This was a gratuitous application of an extreme remedy. This court now upholds the district court's overreach because "[t]he case presents essentially a facial challenge to a policy applied nationwide, the balance of equities favors nationwide relief, and the format of the Byrne JAG grant itself renders individual relief ineffective to provide full relief." Maj. Op. at 30. In doing so, the court bypasses Supreme Court precedent, disregards what the district court actually concluded concerning the equities in this case, and misreads the effect of providing relief to Chicago only.
In response, Judge Rovner acknowledges "the possible hazards of the use of nationwide injunctions" (citing the work of Conspirator Samuel Bray), but argues that such an injunction is appropriate in this case.
As the Seventh Circuit's opinion indicates, the Justice Department's substantive legal position is rather weak. However reasonable it may be to withhold specific Justice Department grants from cities that refuse to cooperate with federal immigration enforcement, Congress has not authorized the imposition of such a condition on federal funding, nor does the Justice Department have the inherent authority to impose such conditions on the receipt of such grants. As a consequence, I am not sure there will ever be a circuit split on this question that would justify Supreme Court review.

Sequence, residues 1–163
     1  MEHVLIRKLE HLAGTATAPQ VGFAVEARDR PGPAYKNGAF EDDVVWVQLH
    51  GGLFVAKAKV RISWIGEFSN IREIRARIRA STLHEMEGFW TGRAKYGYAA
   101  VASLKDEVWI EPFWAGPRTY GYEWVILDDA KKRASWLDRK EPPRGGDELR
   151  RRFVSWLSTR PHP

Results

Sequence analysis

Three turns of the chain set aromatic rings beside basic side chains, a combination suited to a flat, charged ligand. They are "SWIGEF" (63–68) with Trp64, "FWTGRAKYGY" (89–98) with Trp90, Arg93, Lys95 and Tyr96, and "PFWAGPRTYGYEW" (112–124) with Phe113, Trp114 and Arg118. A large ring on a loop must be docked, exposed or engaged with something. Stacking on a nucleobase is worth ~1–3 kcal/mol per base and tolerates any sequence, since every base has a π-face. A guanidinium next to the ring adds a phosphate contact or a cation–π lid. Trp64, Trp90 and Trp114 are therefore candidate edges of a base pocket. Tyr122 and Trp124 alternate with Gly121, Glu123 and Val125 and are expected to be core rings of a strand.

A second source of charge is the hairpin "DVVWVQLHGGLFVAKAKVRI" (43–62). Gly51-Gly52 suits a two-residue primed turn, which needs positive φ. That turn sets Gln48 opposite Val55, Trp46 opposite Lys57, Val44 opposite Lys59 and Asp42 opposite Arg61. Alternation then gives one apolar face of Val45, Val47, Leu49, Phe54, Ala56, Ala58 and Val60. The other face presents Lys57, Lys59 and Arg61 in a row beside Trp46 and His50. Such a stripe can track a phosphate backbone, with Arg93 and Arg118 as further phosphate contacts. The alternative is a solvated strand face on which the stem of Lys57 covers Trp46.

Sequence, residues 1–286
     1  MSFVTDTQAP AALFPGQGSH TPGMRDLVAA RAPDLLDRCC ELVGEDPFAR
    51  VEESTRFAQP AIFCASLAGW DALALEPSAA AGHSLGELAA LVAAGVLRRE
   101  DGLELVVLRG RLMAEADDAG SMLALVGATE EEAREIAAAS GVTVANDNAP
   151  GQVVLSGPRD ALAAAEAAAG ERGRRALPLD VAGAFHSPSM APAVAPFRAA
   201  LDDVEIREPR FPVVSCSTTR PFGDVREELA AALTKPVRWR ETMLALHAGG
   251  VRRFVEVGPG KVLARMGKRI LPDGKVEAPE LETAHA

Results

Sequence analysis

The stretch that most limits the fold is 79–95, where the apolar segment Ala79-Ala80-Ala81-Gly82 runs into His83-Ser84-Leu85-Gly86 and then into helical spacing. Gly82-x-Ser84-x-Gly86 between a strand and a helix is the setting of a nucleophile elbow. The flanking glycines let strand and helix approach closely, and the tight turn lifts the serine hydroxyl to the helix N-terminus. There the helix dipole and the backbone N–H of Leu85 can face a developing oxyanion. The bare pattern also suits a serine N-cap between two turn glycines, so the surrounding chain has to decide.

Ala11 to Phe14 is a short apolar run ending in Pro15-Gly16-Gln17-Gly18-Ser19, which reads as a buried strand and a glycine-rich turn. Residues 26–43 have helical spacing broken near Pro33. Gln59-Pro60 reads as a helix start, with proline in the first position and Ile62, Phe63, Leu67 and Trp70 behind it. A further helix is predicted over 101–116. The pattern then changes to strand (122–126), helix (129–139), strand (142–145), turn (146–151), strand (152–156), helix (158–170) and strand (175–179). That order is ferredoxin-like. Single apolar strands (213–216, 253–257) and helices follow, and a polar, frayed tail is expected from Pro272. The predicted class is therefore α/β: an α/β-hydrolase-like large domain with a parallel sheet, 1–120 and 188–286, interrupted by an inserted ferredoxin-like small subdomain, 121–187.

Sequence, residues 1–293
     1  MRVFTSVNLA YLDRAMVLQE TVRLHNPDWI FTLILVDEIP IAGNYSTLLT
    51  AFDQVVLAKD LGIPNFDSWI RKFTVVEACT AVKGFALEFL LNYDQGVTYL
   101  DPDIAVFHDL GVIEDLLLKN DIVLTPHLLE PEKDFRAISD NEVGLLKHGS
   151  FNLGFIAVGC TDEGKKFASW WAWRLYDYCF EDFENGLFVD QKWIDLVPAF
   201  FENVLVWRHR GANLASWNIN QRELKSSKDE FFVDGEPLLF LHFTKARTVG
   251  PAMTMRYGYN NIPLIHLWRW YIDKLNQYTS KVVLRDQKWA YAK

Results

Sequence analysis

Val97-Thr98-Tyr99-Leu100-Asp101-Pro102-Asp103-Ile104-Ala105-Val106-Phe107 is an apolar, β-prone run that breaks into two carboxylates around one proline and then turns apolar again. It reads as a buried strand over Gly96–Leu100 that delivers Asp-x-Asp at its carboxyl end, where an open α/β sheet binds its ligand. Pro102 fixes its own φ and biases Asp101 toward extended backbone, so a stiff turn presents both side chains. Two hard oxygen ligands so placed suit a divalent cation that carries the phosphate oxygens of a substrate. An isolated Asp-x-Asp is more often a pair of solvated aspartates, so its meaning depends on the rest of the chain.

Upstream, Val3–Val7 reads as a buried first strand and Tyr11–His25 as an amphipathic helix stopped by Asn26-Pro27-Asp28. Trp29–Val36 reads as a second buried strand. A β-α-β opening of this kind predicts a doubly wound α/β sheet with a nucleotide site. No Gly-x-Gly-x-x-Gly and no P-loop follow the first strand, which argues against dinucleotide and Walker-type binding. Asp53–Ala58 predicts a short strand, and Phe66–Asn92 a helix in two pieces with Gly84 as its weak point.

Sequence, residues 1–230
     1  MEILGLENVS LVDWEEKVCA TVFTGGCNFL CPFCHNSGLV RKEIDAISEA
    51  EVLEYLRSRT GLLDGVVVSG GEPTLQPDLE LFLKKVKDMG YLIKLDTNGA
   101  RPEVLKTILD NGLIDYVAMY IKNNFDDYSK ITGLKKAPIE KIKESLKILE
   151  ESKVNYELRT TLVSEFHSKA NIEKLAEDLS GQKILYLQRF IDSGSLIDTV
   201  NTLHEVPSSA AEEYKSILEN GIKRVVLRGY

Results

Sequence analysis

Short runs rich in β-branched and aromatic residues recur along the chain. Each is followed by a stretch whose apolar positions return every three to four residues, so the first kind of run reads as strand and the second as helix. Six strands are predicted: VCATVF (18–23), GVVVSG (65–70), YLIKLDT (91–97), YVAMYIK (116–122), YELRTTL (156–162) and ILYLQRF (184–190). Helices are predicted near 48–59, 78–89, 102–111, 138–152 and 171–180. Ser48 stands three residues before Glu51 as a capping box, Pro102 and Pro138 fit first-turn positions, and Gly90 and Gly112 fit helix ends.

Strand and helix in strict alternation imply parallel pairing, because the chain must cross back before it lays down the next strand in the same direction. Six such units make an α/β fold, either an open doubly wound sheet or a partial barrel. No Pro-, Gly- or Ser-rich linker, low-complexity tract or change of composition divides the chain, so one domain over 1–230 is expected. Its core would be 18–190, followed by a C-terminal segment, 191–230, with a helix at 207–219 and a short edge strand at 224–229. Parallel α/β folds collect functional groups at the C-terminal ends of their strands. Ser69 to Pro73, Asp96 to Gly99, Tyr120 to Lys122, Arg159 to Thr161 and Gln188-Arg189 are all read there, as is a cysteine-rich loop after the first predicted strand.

Whether nationwide injunctions are appropriate in cases such as this are another matter. As my co-blogger Samuel Bray has noted, there are good reasons to believe that nationwide injunctions are over-used and have been issued too frequently by district courts over the past ten years. Once extremely rare, nationwide injunctions have become rather common. During both the Obama and Trump Administrations, politically motivated litigants have filed cases in friendly jurisdictions and then sought nationwide relief. As Assistant Attorney General Beth Williams noted in a recent speech:
Before 1963, no court in this country had issued such a broad injunction, and they were exceedingly rare until President Reagan took office. Even after that, by Justice Department estimates, courts issued an average of only 1.5 nationwide injunctions per year against the Reagan, Clinton, and George W. Bush administrations, and 2.5 per year against the Obama administration. In President Trump's first year in office, however, judges issued a whopping 20 nationwide injunctions—an eightfold increase. This matches the entire eight-year total of such injunctions issued against President Obama during his two terms. This enormous increase should draw alarm.
While the underlying merits question in Chicago v. Sessions may not justify certiorari, the divide over the propriety of a nationwide would. If the Court is looking for a vehicle to explore this question, this case could fit the bill.